The hostile creature’s movement doesn't provoke an opportunity attack from you, so your War Caster feat isn't triggered.
The War Caster feat (PHB 170) says:
When a hostile creature’s movement provokes an opportunity attack from
you, you can use your reaction to cast a spell at the creature, rather
than making an opportunity attack. The spell must ...
You can't take both Dash and Ready actions
Normally you don't "prepare a reaction". You take the Ready action instead. See Player's Handbook, page 193, "Actions in Combat"
Sometimes you want to get the jump on a foe or wait for
a particular circumstance before you act. To do so, you
can take the Ready action on your turn so that you can
act later ...
You already bolded the answer.
Beginning at 5th level, you can attack twice, instead of once, whenever you take the Attack action on your turn.
If you're not taking the Attack action on your turn, then you can't use Extra Attack. Taking the Attack action doesn't just mean attacking - it's a specific action you can perform, listed under Actions in Combat.
Reactions can interrupt multiattack.
The rules on reactions says:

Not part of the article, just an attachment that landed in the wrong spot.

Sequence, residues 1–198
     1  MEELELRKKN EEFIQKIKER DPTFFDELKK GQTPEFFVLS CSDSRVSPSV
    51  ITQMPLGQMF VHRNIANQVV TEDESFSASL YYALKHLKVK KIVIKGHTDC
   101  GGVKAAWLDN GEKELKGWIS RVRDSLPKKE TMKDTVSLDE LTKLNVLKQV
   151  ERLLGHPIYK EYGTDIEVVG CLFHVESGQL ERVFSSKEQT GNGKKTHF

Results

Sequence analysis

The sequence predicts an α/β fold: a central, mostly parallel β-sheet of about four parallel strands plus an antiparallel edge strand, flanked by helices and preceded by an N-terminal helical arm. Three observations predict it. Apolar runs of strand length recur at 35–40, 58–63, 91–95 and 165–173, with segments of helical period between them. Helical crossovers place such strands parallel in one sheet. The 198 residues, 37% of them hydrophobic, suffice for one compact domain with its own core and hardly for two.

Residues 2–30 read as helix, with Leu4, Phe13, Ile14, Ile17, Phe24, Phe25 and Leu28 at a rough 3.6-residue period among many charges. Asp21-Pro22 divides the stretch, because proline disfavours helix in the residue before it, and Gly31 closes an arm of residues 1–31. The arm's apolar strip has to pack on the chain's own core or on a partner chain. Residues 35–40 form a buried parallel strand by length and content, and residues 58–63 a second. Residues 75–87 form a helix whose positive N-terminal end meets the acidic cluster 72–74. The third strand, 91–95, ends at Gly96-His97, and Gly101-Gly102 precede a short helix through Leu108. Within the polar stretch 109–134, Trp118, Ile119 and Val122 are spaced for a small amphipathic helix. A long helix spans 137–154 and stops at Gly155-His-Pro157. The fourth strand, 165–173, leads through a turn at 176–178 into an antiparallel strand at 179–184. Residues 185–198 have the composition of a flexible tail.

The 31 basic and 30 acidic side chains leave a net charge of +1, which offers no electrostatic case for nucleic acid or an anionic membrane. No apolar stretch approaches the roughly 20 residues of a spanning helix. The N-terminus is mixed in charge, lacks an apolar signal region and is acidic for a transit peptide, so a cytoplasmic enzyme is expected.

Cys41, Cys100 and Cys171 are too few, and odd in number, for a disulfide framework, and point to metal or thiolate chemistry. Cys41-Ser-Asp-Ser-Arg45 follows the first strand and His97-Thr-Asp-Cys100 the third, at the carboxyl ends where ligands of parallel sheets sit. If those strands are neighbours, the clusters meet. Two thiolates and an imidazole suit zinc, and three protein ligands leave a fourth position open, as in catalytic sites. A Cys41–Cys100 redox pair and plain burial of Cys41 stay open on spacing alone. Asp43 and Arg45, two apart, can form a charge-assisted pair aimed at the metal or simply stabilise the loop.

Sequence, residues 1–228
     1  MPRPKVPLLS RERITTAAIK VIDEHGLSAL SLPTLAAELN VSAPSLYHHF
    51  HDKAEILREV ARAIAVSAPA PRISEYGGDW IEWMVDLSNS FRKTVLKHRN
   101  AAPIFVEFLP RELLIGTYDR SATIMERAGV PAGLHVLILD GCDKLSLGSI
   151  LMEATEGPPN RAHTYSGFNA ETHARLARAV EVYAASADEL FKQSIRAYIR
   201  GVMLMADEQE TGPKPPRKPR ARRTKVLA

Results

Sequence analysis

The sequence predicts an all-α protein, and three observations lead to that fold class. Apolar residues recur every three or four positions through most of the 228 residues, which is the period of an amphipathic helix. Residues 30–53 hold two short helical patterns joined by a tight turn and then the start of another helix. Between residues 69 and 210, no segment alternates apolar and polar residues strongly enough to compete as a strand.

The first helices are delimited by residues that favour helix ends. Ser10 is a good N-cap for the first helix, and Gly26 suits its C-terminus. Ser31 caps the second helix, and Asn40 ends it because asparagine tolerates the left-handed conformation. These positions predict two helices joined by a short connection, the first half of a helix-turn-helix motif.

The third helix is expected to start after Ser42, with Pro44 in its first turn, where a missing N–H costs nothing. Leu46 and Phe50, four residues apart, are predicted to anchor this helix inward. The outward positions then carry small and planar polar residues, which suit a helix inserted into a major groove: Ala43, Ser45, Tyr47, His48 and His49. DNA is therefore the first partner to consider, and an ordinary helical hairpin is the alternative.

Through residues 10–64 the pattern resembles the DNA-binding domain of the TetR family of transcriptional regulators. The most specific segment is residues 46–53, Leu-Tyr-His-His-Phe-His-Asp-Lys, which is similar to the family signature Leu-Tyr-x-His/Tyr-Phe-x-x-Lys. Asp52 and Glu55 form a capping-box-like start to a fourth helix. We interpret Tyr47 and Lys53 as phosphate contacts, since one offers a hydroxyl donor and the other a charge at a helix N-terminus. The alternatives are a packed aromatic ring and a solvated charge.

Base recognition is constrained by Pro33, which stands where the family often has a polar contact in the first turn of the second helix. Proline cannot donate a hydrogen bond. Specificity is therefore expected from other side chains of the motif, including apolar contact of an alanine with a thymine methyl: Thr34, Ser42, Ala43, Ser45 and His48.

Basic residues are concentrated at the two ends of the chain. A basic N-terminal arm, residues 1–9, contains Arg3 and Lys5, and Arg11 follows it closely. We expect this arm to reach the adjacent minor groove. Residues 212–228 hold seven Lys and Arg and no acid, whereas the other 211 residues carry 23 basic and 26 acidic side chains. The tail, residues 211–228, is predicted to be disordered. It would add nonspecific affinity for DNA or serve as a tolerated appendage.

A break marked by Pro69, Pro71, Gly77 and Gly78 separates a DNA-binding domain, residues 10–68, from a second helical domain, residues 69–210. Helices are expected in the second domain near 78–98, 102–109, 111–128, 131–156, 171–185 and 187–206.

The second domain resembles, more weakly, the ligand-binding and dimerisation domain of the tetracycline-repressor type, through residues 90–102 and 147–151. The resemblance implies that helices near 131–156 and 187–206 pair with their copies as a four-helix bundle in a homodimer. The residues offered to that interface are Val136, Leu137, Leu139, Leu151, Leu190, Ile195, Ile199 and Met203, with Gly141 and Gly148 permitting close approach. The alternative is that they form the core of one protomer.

A reaction is an instant response to a trigger of some kind, which can
occur on Your Turn or on someone else’s. [...] If the reaction
interrupts another creature’s turn, that creature can continue its
turn right after the reaction.
Multiple attacks on one turn are ...
No, War Caster doesn't let you do this
Unfortunately, the benefit that War Caster offers is specifically that:
When a hostile creature's movement provokes an opportunity attack from you, you can use your reaction to cast a spell at the creature, rather than making an opportunity attack. The spell must have a casting time of 1 action and must target only ...
Whether it hits
Usually, the DM asks your AC before the play, and they take a note behind the screen. When they roll an attack behind the screen, they can immediately determine whether it hits or not. In this style, the DM only announces the hit, and not the total roll.
your group has been using the other style: announcing the total attack roll.